6 Great Teachers
These local educators know a thing or two about kids.
Chidimma “Chidi” Uche
Jamestown Elementary School, Arlington
Years teaching: 5
I would like for all of my children to become expert yogis. They can do yoga to release or to calm down. It’s for them to clear their own minds.
Our children are tremendously stressed. There’s a lot of pressure on them and very little time for them to do things like play, which is so developmentally necessary. Teaching yoga isn’t just about the stretches; it’s the practice of mindfulness that’s important, too.
We have a nature nook. This is a real pufferfish. This is a moose skull. Once, the younger sister of one of my students found an abandoned wasp’s nest and gave it to me for our nature nook. I forgot it in the copy room, and there was an email: “Did someone forget a wasp’s nest on the copy machine?”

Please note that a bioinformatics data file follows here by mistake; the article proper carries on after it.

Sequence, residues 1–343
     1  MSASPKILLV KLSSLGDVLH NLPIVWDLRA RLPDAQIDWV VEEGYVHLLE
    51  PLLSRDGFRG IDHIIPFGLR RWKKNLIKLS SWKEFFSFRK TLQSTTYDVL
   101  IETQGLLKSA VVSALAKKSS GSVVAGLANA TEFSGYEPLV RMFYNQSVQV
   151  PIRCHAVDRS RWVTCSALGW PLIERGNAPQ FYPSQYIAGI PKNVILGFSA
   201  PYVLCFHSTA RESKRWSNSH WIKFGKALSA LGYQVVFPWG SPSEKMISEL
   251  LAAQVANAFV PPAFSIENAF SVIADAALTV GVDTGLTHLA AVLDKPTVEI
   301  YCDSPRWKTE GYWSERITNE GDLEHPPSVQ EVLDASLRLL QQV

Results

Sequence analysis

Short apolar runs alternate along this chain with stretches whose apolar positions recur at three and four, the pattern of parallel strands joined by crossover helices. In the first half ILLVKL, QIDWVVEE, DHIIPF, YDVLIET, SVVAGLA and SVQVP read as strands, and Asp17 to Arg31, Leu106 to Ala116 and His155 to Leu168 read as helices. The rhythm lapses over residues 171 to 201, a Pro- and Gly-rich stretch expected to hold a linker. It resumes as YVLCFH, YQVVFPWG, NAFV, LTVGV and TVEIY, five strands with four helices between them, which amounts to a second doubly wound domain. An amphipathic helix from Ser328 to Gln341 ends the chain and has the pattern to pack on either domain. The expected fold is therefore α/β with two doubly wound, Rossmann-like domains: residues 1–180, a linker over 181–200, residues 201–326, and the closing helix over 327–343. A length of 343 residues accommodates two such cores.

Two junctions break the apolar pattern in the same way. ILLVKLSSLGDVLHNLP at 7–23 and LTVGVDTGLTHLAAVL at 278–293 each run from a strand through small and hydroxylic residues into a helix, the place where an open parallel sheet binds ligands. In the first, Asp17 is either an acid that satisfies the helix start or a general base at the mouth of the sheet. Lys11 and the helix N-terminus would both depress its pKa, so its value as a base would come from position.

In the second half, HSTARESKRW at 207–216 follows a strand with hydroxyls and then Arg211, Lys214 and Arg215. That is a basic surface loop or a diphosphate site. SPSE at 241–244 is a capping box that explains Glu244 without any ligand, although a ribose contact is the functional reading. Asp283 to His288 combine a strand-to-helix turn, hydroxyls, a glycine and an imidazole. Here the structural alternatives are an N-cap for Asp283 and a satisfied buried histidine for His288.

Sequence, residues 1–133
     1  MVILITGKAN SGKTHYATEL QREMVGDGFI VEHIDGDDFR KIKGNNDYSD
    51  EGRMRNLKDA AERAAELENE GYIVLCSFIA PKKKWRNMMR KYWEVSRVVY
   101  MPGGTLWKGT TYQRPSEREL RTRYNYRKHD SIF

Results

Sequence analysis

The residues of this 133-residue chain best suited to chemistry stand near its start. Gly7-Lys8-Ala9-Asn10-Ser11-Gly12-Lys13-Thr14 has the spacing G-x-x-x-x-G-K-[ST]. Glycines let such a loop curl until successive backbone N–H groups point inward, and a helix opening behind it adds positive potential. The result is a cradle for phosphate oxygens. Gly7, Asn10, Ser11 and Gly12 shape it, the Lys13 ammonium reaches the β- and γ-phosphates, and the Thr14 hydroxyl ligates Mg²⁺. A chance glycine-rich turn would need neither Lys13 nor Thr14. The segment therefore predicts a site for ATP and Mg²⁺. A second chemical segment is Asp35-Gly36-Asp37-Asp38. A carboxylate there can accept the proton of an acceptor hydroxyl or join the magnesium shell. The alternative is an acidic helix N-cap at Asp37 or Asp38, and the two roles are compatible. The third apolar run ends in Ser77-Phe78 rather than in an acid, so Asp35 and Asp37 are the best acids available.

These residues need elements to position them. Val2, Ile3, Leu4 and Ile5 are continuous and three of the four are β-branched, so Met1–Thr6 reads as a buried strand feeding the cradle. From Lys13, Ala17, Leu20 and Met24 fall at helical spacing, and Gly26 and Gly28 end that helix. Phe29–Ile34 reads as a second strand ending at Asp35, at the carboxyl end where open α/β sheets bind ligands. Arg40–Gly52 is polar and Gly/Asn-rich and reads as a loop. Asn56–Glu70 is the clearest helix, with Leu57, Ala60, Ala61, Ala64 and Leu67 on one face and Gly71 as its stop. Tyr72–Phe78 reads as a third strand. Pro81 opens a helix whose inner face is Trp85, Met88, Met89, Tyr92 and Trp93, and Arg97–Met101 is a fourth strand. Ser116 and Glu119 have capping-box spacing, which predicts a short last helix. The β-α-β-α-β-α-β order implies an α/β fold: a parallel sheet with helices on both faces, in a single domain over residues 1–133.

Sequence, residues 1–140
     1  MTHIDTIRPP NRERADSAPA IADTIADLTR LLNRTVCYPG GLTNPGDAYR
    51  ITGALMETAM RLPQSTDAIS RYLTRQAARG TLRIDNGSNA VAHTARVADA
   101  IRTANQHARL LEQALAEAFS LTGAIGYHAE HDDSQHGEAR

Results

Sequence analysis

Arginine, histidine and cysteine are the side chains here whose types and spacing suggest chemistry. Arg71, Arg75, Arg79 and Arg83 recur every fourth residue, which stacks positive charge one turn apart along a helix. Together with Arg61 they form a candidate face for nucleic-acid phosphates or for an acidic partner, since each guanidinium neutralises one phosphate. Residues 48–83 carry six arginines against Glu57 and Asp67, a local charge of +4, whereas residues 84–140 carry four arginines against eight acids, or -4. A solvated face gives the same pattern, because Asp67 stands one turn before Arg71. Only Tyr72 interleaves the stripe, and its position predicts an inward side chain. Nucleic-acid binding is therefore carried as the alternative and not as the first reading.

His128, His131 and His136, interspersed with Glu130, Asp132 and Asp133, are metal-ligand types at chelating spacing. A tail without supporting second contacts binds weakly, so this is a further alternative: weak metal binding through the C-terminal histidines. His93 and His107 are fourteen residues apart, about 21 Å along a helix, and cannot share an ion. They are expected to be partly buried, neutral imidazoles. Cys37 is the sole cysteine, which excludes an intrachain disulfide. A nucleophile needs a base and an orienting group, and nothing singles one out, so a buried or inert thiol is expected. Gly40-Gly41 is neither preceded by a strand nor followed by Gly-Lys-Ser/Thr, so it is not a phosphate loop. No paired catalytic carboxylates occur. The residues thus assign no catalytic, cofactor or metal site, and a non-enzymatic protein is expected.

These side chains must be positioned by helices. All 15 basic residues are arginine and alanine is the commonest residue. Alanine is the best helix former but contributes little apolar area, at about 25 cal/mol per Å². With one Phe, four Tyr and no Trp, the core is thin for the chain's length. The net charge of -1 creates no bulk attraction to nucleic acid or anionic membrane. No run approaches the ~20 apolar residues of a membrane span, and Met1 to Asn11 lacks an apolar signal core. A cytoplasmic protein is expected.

We also have a peace-out corner. It’s not punitive nor consequential; a child chooses to go there. A lot of times they’re upset about something—if a divorce is happening at home or a sibling was mean to them at breakfast. Sometimes I’ll put a tissue box in there and let them have their moment.
One of my favorite days is the day we come back from winter break. They are all full of hugs and they’ve grown so much.
In our hearts, we know they’re going to be okay. But some people don’t believe it will happen without constant micromanaging.
A big focus we had this year was making them feel proud of their writing. We had a huge publishing party for a project we did with Randolph Elementary called Read Across Arlington. The kids publish their own e-books. That’s the whole idea, that they’re a published author. It’s beautiful.
Children are very overbooked. They have so many tremendous expectations upon them. To just stop and listen to them is all they need sometimes.